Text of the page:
The ability to provide banquets for guests has strong social, economic and political implications. Arranging a banquet involves providing food and other resources to the guests. This can have a lot of social and political implications for a host whose guests perceive the financial capacity of the host to provide the banquet (remember, there is no grocery store to buy food). Who is invited, what is served, who eats what and how much, and many other aspects of the feast create a politically charged environment. It is also political that the guests of a banquet may be indebted to a host who gave them food and drink – there is no way to repay everyone. In this way they will be forced to repay the host socially in some way, which translates into real power for the host. Feasts and surpluses can be used to build relationships through which some people become indebted to others – there is real power in such situations.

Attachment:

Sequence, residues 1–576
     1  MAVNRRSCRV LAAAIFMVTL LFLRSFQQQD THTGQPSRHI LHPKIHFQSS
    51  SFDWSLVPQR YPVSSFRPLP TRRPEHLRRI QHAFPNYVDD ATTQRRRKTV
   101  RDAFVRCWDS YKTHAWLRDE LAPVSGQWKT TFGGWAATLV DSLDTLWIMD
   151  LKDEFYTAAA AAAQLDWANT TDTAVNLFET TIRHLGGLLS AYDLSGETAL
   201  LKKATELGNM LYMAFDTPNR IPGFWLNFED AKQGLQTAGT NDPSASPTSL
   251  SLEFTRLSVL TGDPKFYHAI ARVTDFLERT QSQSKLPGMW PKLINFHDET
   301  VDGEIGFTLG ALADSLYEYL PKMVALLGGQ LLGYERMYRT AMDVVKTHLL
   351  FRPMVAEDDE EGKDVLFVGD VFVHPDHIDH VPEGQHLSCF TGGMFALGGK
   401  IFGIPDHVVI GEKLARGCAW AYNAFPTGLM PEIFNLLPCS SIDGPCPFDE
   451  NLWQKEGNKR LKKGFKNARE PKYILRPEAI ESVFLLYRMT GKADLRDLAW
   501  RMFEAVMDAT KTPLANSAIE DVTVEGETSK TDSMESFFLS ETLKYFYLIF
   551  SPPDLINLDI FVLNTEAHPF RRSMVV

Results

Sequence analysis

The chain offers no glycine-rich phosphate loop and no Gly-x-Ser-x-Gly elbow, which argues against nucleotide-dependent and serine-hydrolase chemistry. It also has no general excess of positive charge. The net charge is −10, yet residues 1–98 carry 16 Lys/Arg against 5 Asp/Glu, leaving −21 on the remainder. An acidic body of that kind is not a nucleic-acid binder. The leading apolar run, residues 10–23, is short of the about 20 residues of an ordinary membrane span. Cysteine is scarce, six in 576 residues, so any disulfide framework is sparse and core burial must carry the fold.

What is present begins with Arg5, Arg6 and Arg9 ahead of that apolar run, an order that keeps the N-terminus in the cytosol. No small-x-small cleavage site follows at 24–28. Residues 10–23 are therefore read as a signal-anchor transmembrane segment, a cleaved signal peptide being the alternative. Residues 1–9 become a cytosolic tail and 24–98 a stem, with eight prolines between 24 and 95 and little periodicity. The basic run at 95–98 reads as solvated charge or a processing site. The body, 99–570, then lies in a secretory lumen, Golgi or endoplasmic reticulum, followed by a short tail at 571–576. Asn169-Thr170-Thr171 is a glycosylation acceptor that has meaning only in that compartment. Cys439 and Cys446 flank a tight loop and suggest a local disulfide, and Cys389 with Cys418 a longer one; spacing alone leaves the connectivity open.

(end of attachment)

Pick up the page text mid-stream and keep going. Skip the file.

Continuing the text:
The elite seemed to have exclusive control over the Vilka drug. The tree does not grow in the valley where Quilkapampa is located, the nearest source being 250 miles (400 kilometers) away. Clearly, not everyone had a way to collect these hallucinogenic seeds, but not only that, according to research, controlling its access and use was in the best interests of Wari leaders.

New research shows that Warrior had access to Vilka, which was not previously clear, and they have added it to Chicha, as opposed to using it as a snuff. This is significant, Beaver says, because “snuff creates a mind-altering experience for one person,” where “adding Vilka to Chicha can provide this experience to many more people.” And in doing so, “Wari began to use the power of feasting and the experience of emotional change … to build social relationships and strength with the locals and other groups they encountered,” he added.

Prehistoric South Americans had access to a significant stockpile of drugs. Research from 2019 has published a 1,000 year old custom bundle It consists of five different psychoactive substances, including ayurveda and cocaine. The bundle, found in a Bolivian cave at an altitude of 13,000 feet, was probably the property of a shaman who may have had sufficient knowledge of certain plants and where to collect them.

More: Discoveries in Mexico have shed light on ancient ballgames.